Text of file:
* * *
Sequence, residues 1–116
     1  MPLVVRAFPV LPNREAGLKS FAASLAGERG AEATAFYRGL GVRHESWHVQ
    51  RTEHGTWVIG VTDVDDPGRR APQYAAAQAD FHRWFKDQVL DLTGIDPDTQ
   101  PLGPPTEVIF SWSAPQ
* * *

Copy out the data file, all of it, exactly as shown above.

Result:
Sequence, residues 1–116
     1  MPLVVRAFPV LPNREAGLKS FAASLAGERG AEATAFYRGL GVRHESWHVQ
    51  RTEHGTWVIG VTDVDDPGRR APQYAAAQAD FHRWFKDQVL DLTGIDPDTQ
   101  PLGPPTEVIF SWSAPQ